Cycling on an electric bike just a few times each week can improve an adult’s cardiorespiratory performance and general health in ways similar to riding a conventional bicycle or taking vigorous walks, according to several clinical studies.
One of the most telling studies, released in the May 2018 edition of the Clinical Journal of Sports Medicine, compared the peak oxygen uptake (VO2 max) of 32, overweight adults before and after four weeks of bicycle commuting.
Swiss Study Shows Electic Bikes Improve VO2 Max
The study, “Effect of E-Bike Versus Bike Commuting on Cardiorespiratory Fitness in Overweight Adults,” took its participants from local government offices in and around Basel-Stadt and Basel-Landschaft, Switzerland during the summer of 2016.
For more than a decade, the Swiss government has been trying to encourage citizens to ride a conventional bicycle or electric bike to work rather than driving or taking public transportation. As part of this program, the nation holds a four-week “Bike to Work” promotion during the warm summer months. This promotion served as the intervention period for the Swiss study.
Each of the subjects was relatively overweight with a body mass index (BMI) of 25 to 35. (A BMI of 18.5 to 25 is considered normal, according to the American Heart Association.) Each participant was an adult aged 18-to-50, and each was willing to cycle to work at least three times each week during the intervention period. The subject’s commute had to be at least 3.7 miles (6 kilometers) each way. Other than cycling, the participants kept their normal eating habits and normal levels of physical activity.
To determine how cycling impacted each of the subjects, the Swiss researches measured VO2 max before and after the four-week intervention. VO2 max measures the peak amount of oxygen a person can use during intense exercise. It is considered a good measurement of aerobic endurance and cardiovascular fitness. Thus, any improvement in VO2 max would indicate that bicycling imply heart and lung health.
At the beginning of the study, all 32 participants had normal VO2 max scores and normal resting blood pressure levels. By the end of the intervention period, those participants riding electric bikes had improved their VO2 max by 3.6 mL/(kg·min) from a mean of 35.7 mL/(kg·min) before the trial to a mean of 39.3 mL/(kg·min) at the end of the four-week period. Conventional bike riders enjoyed a 2.2 mL/(kg·min) gain from a mean of 36.4 mL/(kg·min) at the beginning of the study to a mean of 38.6 mL/(kg·min) at the study’s conclusion.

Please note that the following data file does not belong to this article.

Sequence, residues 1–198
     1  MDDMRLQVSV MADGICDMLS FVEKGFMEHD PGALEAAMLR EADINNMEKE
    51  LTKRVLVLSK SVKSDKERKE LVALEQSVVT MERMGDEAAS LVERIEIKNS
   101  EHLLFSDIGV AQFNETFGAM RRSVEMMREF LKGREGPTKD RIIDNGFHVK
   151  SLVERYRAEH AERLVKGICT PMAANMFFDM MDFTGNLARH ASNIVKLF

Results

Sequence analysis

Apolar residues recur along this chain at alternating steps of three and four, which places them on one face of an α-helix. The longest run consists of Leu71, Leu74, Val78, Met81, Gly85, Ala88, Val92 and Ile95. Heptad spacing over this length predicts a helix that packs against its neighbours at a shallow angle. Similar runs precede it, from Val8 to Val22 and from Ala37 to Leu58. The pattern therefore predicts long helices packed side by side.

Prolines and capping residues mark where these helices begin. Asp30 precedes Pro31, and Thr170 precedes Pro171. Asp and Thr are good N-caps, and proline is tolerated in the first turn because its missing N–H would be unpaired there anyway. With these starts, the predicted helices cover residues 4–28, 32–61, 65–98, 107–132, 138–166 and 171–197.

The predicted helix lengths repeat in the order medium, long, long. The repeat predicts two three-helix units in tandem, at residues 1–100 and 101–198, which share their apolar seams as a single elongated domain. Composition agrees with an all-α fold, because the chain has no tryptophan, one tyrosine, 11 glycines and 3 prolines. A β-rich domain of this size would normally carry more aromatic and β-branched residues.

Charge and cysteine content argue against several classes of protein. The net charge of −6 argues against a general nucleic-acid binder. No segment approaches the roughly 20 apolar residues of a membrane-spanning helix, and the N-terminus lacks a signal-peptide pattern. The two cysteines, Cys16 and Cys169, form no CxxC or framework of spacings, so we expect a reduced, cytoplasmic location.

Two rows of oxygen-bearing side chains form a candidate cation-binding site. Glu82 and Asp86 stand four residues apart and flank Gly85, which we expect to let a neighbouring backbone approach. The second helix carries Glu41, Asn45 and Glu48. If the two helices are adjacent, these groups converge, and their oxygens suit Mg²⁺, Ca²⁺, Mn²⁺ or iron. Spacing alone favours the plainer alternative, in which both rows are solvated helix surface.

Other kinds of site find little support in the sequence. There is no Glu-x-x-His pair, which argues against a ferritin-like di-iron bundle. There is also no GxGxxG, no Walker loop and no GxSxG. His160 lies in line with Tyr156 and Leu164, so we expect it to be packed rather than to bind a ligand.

The study subjects also enjoyed improvements in resting heart rate and resting blood pressure after just four-weeks of cycling to work.
Bottom line, electric bikes “may have the potential to improve cardiorespiratory fitness similar to conventional bicycles despite the available power assist, as they enable higher biking speeds and greater elevation gain,” wrote the Swiss study’s authors.
Electric Bikes Overcome the Barriers to Exercise
This Swiss study’s findings are generally consistent with other clinical research. An analysis of electric-bike-related clinical studies, “Health benefits of electrically-assisted cycling: a systematic review,” published in the International Journal of Behavioral Nutrition and Physical Activity in 2018 reported that eight of eleven studies examined showed improvements in oxygen uptake as a result of riding an electric bike.
“Riding an e-bike led to a relative mean oxygen uptake of 14.7 to 29 ml/min/kg or 51 to 74 percent of maximum oxygen uptake,” the analysis said.
What’s more, many adults may find it easier to start exercising with an electric bike than to get started walking, running, or riding a conventional bicycle. Electric bikes may help adults become and stay more active.
“Electric bikes offer riders a high degree of control over the level of physical exertion required to ride, making them particularly helpful for anybody who would like to become more fit, but who may need to gradually and carefully ease into increased physical activity,” according to chapter three of “The Complete Electric Bike Buyer’s Guide.”
“Electric bikes, therefore, may provide an especially helpful way to exercise for those who fall into the following categories: recovering from an injury or illness, looking for a low-impact workout, elderly cyclists, people who are new to working out, [or individuals] returning to physical activity after a prolonged period of inactivity,” the guide concluded.